Super Newbie Here, help with 1.2k budget [Archive] - Audio & Video Forums


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04-15-2006, 05:58 PM
hello guys, im really new to the game. i really really love music and sounds and i just want to be able to make the best setup i can with around 1.2k budget preferably less if same performance as 1.2k range. i'm looking at what the best a/v receiver, sub and speakers system i can setup and maybe a cd player and amp if i can fit in that budget. i don't think i need help with gettin a dvd player. also i have no idea what amps do, and would it really help to get one. basically right now im just goin thru the highest ratings thru audioreview. but theres so many things not on sale anymore or too expensive. also im in a 2 bedroom apartment would it be overkill to spend that much and when i do spend which one should i use the most money on. sorry i know theres a lot of questions, thx guys.

04-15-2006, 07:16 PM
Roughly, you can get a decent receiver (read Yamaha) for around $400 and then you can spend the remainder of the budget on a 5-speaker surround sound set up and I'd forgo the sub until you can save a separate budget for them, as quality subs begin at around $500 or so. So you should audition what you can afford for the speakers such as Polk, Energy, Infinity, Paradigm, etc and see which speakers sound best for you.

04-15-2006, 08:54 PM
thx a lot for the reply.

04-16-2006, 12:03 AM
Here is perhaps a suggestion...

Pioneer 5.1/61 receiver with 110W/Channel ($250-300)
PSB Image T45's ($499/pair)
Athena Technologies Center Channel ($100)
Polk Bookshelf Surrounds (150/pair)
Yamaha or Athena Sub ($150-200)

Obviously you will need cabling and I was assuming you have DVD/CD player etc already. Down the line when you want to invest more money you can add an Amp and use it from your receiver, which has pre-outs so you can boost more power into whichever speakers you want to drive more.

Fluance makes inexpensive speakers as well, which I've heard great things about so maybe check them out...i've not listened to them personally so I can't give you my opinion on them.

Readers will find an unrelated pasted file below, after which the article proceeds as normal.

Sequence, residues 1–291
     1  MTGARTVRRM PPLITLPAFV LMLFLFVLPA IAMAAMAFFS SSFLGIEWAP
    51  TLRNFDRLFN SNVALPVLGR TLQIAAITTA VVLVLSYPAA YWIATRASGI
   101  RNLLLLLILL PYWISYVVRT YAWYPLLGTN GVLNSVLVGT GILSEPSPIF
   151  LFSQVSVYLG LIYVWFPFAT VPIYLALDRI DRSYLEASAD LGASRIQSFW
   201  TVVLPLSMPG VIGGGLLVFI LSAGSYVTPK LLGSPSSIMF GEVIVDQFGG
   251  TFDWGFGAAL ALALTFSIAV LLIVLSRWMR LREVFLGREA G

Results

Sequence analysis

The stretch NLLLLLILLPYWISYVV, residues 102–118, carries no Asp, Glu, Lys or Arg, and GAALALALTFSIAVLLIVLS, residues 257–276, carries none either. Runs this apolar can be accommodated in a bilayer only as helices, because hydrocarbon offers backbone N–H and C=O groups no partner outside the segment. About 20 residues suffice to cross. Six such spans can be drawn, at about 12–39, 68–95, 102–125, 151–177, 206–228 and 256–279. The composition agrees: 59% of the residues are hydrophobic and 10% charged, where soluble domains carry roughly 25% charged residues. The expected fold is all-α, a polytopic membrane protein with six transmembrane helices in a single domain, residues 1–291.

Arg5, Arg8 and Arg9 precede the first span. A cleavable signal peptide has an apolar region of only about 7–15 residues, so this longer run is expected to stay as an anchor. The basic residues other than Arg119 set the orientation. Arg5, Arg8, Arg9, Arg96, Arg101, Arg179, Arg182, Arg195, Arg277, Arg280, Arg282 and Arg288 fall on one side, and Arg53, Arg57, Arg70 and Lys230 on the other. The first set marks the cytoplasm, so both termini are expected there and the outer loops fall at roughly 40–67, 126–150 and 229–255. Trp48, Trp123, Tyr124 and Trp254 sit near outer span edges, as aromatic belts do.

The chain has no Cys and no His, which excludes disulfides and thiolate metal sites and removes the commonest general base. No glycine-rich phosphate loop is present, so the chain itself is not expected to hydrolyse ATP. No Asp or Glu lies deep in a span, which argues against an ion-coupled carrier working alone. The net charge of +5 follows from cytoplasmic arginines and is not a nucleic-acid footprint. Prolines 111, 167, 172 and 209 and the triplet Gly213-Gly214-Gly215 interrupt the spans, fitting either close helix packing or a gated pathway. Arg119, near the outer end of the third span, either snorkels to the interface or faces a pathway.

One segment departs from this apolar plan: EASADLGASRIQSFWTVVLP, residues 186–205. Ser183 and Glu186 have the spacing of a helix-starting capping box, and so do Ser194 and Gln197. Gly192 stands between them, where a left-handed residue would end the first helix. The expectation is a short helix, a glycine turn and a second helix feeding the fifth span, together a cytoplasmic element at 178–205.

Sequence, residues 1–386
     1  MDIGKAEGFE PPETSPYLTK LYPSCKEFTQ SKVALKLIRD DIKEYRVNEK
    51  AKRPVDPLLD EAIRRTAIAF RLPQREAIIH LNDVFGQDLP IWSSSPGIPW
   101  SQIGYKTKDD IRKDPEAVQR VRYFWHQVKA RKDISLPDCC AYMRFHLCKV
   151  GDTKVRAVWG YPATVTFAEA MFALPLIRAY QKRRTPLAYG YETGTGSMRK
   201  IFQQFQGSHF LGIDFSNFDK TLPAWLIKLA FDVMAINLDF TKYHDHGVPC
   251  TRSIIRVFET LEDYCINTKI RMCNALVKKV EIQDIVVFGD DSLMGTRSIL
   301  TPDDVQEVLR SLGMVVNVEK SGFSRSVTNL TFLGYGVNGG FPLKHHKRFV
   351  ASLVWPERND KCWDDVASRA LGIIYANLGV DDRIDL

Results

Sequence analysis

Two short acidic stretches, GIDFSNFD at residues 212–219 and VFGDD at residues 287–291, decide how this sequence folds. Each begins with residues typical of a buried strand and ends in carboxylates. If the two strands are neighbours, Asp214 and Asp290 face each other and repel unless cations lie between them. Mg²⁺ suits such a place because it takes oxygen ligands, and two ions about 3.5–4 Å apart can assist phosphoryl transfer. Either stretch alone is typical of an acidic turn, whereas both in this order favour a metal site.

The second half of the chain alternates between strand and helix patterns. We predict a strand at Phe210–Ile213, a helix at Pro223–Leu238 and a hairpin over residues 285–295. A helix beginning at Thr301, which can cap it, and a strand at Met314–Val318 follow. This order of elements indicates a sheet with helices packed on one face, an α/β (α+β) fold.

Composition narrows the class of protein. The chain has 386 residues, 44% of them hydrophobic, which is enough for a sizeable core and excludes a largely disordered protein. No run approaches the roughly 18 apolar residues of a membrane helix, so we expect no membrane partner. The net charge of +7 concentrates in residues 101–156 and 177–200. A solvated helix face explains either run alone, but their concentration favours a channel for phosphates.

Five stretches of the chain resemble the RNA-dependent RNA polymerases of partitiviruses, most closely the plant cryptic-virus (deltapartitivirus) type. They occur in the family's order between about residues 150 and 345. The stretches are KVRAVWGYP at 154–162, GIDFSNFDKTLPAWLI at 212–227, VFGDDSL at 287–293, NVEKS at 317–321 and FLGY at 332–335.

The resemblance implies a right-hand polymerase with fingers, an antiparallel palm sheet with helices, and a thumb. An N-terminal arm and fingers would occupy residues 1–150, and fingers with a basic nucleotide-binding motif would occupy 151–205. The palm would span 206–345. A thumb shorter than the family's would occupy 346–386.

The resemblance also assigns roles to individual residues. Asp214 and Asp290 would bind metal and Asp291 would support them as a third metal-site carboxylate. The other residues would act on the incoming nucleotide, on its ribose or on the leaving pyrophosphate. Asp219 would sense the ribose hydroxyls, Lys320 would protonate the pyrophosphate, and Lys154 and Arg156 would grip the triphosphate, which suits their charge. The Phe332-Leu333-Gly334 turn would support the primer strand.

04-16-2006, 10:37 AM
if you dont mind doing things a piece at a time,i would spend your budget on a set of main speakers and a good reciever.Then later add the matching center,surrounds and sub when you have the money.When i started redoing my system a couple of years ago i started with a set of jm labs 706 standmounts,later added the matching center,then bought floorstanders when i could pay for them and moved the standmounts to the rear.Along the way i added a reciever,dvd,and cd player and i was done.Well not done,new speakers are on the way,you are never really done upgrading.


04-16-2006, 12:54 PM
I agree on building slowly. It will pay off in the long run. You will also be suprised at how good 2 quality speakers can sound, even when playing back DVD's. No matter how you decide to do this, I suggest you spend some time auditioning speakers. Try some local shops in your area that specialize in home audio. If your local BB has a Magnolia ministore, you can start there. CC carries Polk and Infinity and BB carries Klipsch and Athena. By doing this, you will get a good idea in which direction you want to go(5 cheap bookshelves vs. 2 higher priced).

I would also suggest that you stay within the same speaker line.

04-16-2006, 05:21 PM
thx guys, im gonna take that route now, to first buy a receiver and main speakers.

04-17-2006, 06:24 PM